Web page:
Academic Writing


6. Documents obtained from the Internet

All references begin with the same information that would be provided for a printed source (or as much of that information as possible). The WWW information is then placed at the end of the reference in the same way as publishing information is given for books. It is not necessary to give the date of retrieval unless the document on the Web may change in content - e.g. a wiki - move, or be removed from a site altogether.

The object of this is the same as all referencing - to supply the information needed to allow a user to find a source. If you do not know the author or the date and it does not have a clear title, think carefully before using it. See  Evaluating Sources

a. A journal article:

Jacobson, J. W., Mulick, J. A. Schwartz, A. A. (1995). A history of facilitated communication: Science, pseudoscience, and antiscience: Science working group on facilitated communication. American Psychologist, 50, 750-765. Retrieved from

b. A journal article, with DOI:

Gillett, A. J. & Hammond, A. C. (2009). Mapping the maze of assessment: An investigation into practice. Active Learning in Higher Education, 10, 120-137. doi: 10.1177/1469787409104786

c. A newspaper article:

Sleek, S. (1996, January). Psychologists build a culture of peace. The New York Times, pp. 1, 33 Retrieved from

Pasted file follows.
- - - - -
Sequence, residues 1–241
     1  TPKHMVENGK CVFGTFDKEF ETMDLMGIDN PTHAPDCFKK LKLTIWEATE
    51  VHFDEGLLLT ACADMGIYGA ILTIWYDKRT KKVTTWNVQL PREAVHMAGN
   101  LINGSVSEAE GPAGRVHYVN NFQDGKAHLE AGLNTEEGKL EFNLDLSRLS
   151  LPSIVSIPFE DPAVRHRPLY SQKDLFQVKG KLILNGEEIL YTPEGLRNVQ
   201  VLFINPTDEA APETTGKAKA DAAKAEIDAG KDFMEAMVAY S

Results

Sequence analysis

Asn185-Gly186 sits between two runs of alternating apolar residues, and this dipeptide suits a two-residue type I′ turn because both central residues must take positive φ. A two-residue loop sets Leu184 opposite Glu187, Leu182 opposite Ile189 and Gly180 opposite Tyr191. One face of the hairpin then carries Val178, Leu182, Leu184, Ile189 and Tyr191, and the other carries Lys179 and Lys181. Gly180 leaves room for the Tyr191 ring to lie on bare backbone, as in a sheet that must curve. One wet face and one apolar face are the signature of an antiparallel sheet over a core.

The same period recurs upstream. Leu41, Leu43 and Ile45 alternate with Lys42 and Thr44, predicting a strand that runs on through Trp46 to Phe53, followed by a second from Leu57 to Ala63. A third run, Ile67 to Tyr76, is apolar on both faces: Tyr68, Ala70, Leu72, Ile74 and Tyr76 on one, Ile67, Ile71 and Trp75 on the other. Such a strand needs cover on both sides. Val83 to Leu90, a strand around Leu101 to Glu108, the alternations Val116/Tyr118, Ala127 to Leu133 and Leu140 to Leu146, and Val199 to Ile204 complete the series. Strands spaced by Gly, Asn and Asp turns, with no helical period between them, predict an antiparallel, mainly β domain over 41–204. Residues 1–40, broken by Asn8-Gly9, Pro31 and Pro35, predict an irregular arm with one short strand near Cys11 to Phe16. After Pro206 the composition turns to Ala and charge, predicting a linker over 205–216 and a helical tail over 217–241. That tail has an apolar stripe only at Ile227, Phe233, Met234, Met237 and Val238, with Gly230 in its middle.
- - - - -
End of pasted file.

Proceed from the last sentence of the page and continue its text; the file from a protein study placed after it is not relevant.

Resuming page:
d. WWW Document:

Li, X. & Crane, N. (1996, May 20). Bibliographic formats for citing electronic information. Retrieved from

e. WWW Document - corporate author:

World Wide Web Consortium (W3C). (1995, May 15). About the World Wide Web. Retrieved from

f. WWW Document - corporate author:

American Psychological Association (1996). How to cite information from the world wide web. Retrieved from

g. WWW Document - no author:

A field guide to sources on, about and on the Internet: Citation formats. (1995, Dec 18). Retrieved from

h. WWW Document - no author, no date:

WWW user survey. (n.d.). Retrieved from

i. An abstract:

Rosenthal, R. (1995). State of New Jersey v. Margaret Kelly Michaels: An overview [Abstract]. Psychology, Public Policy, and Law, 1, 247–271. Retrieved from

j. Wikipedia Document - no author, no date, source material may change over time:

Psychology. (n.d.). In Wikipedia. Retrieved October 14, 2009, from

k. Entry in online reference work, no author, editor or date:

Heuristic (n.d.) In Merriam-Webster's online dictionary (11th ed.). Retrieved from

l. Page from a website:

Gillett, A. (2017). Academic writing: Writing a list of references. Retrieved from

m. Blog post:

Gillett, A. (2017, February 23). EAP and student motivation [Blog post]. Retrieved from